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Vol 21 No 9 Sept/Oct 2016

Book of the Month

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Goode on Commercial Law

Edited by: Ewan McKendrick
Price: £170.00

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Human ICT Implants: Technical, Legal and Ethical Considerations

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Edited by: Mark N. Gasson, Eleni Kosta, Diana M. Bowman

ISBN13: 9789067048699
Published: June 2012
Publisher: T.M.C. Asser Press
Country of Publication: The Netherlands
Format: Hardback
Price: £72.00

Despatched in 9 to 11 days.

Considered by many to be science fiction, information and communication technology (ICT) has been implanted into the human body for years. Medical human ICT implants such as cochlear implants are in common use, forming intimate links between technology and body. Such restorative devices are increasingly advanced, with some directly interacting with the brain and others near outperforming their natural counterpart.

Recently, low-tech human ICT implants have been increasingly employed in non-therapeutic contexts. Applications include VIP nightclub entry, automated payments and controlling secure access. With self-experimenters pushing boundaries and medical technology drift to non-medical application, this is clearly just the beginning. Opportunities for human enhancement through ICT implants have become very real.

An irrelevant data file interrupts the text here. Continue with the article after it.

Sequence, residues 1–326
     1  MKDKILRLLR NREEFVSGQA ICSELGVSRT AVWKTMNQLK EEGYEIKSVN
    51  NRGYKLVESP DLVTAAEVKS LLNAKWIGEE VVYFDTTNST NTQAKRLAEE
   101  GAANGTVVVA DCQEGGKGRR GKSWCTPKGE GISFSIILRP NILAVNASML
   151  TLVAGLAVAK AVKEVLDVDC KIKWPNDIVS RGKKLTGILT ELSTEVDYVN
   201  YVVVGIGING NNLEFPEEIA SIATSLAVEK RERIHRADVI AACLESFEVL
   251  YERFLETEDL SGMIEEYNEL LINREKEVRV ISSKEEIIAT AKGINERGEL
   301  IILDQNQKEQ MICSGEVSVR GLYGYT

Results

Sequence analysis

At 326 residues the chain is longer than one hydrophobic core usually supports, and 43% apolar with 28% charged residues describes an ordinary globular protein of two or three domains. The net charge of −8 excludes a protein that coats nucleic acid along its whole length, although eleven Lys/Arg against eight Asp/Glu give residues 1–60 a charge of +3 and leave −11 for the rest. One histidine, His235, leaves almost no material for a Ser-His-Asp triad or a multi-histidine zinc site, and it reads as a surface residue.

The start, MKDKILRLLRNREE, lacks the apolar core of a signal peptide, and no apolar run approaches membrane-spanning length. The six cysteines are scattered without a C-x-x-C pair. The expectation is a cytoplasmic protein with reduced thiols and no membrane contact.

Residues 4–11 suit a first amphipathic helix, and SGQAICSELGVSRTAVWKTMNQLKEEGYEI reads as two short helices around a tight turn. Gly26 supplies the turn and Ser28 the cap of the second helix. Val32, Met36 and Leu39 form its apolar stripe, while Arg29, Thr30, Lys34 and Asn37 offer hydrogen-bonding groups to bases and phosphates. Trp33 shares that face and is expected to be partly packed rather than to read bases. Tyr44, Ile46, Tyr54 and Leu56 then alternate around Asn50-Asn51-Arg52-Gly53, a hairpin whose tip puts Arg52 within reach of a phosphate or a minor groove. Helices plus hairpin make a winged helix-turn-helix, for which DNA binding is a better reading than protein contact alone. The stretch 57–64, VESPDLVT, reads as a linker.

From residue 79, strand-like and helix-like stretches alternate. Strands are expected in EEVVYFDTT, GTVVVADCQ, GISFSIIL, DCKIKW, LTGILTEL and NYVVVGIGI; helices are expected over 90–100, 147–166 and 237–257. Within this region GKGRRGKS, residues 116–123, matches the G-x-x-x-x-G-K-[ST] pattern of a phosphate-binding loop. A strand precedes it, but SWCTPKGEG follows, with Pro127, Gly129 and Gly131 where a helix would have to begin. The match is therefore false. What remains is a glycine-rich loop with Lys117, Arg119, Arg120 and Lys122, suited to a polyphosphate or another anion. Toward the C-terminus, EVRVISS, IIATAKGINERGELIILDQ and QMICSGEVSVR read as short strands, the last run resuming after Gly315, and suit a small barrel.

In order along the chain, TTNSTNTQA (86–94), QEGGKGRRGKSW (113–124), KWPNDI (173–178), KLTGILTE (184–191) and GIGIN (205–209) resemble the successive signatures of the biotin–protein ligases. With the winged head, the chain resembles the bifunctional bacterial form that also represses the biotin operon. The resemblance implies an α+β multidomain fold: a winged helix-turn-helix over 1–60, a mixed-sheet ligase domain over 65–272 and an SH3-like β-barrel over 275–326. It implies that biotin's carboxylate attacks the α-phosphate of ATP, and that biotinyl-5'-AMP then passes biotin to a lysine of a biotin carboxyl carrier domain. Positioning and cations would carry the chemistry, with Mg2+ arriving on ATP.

Despite stakeholders calling for greater legal certainty, gaps have already emerged between the commercial reality of human ICT implants and the legal frameworks used to regulate them. It is not surprising that increasing commercialisation and growing potential has generated debate over the ethical, legal and social aspects of the technology, its products and application. And its trajectory.

The contributors to this book, all leaders in their respective fields, not only focus on the latest technological developments, but also the legal, social and ethical implications of the use and further application of these technologies.

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Information Technology Law, Medical Law
Human ICT implants: From invasive to pervasive.
Human ICT implants: From restorative application to human enhancement.
Potential application areas for RFID implants.
Restoring function: Application exemplars of medical ICT implants.
Passive human ICT implants: Risks and possible solutions.
Implantable medical devices: Privacy and security concerns.
Carrying implants and carrying risks
Human ICT implants and liability.
Implants and human rights, In particular bodily integrity.
Implanting implications: data protection challenges arising from the use of human ICT implants.
Cheating with implants: Implications of the hidden information advantage of bionic ears and eyes.
Ethical Implications of Human ICT Implants.
Pieces of ME: On identity and information communications technology implants.
The societal reality of that which was once science fiction.